Contextualising the Curriculum through Local Floodplain Artefacts at Lealui Basic School of Western Zambia
The purpose of this article is to report on a study conducted in Western Zambia which set out to explore how Lealui Basic School could be assisted to provide contextualised environmental and sustainability education through the display of local floodplain artefacts at a school open day. A collection of floodplain artefacts was prepared in readiness for display, and this article reports on how such artefacts can be used in localised curriculum work for teaching and learning purposes. The study used a participatory action approach in which school personnel participated in the collection of artefacts.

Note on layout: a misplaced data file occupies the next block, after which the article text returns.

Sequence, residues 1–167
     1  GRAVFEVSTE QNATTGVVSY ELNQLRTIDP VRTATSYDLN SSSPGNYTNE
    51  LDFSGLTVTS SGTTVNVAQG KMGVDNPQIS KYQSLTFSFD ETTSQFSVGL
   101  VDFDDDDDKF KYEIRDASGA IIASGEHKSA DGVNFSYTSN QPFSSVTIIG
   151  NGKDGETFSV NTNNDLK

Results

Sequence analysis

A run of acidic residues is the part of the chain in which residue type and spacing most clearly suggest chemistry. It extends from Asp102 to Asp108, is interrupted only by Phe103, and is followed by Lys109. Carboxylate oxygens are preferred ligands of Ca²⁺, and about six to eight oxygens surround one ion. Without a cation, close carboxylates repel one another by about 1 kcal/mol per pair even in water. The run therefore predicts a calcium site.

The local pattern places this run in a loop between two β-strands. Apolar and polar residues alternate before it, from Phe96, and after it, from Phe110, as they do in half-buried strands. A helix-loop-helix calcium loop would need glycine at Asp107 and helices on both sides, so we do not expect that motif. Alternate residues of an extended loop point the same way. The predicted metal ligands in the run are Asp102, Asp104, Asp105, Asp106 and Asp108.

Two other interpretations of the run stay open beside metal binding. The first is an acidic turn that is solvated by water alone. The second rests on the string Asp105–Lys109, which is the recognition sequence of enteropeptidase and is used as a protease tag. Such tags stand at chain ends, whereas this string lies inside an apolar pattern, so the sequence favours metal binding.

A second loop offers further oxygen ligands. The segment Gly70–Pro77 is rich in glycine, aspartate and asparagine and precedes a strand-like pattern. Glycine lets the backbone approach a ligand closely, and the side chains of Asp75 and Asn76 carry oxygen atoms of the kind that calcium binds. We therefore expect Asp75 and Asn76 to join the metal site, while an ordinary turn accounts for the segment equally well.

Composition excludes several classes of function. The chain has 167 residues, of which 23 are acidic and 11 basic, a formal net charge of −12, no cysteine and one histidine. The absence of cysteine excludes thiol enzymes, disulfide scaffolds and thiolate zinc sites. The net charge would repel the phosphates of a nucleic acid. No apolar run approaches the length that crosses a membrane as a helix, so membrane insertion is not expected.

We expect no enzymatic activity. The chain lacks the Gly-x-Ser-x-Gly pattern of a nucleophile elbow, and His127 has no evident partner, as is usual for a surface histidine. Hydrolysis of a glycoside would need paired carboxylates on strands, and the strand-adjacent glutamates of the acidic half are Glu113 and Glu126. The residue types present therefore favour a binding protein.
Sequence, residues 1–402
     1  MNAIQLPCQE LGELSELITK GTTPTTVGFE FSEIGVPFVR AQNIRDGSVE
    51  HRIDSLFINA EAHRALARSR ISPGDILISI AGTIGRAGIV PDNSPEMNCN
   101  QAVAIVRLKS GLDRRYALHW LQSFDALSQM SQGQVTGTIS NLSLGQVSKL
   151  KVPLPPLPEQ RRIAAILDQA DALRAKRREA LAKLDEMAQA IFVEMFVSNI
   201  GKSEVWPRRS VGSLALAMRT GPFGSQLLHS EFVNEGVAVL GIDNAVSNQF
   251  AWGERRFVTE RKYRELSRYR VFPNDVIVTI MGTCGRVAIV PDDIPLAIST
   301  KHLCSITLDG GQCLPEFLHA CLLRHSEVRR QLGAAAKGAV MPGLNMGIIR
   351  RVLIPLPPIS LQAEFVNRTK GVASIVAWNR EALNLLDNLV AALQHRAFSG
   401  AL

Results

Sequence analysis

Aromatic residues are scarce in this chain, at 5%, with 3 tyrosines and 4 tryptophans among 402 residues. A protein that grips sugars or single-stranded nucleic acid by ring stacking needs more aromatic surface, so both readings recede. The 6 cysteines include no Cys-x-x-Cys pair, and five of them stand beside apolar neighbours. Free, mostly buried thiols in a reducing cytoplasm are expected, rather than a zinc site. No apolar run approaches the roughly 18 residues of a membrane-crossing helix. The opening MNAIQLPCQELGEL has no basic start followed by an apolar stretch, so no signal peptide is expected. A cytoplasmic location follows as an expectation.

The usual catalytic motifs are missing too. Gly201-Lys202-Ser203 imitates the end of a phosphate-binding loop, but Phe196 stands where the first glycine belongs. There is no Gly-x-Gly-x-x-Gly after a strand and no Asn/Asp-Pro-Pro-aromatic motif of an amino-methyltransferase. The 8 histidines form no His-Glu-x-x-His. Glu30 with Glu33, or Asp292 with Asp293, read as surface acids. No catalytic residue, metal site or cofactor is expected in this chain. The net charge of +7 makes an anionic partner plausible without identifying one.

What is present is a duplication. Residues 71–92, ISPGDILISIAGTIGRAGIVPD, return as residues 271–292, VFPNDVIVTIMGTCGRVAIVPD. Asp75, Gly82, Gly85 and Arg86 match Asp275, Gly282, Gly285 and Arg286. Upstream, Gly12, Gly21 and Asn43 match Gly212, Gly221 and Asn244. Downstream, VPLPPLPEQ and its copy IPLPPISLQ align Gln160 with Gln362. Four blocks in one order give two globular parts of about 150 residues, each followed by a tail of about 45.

It was found that connection, quality and relevance could be brought about by developing the capabilities of learners, teachers and community members through the use of floodplain artefacts. School managers could also draw relevance from the artefacts by innovatively working through such artefacts to improve the management of their school institutions. Teachers could work through ‘learning as connection’ in order to help their learners to make connections between a cross section of situations which are currently disconnected one from the other, such as the knowledge base of children, adults and elderly persons. Such findings can benefit school practitioners, educational administrators or university teacher educators interested in mainstreaming education for sustainable development (ESD) into education.
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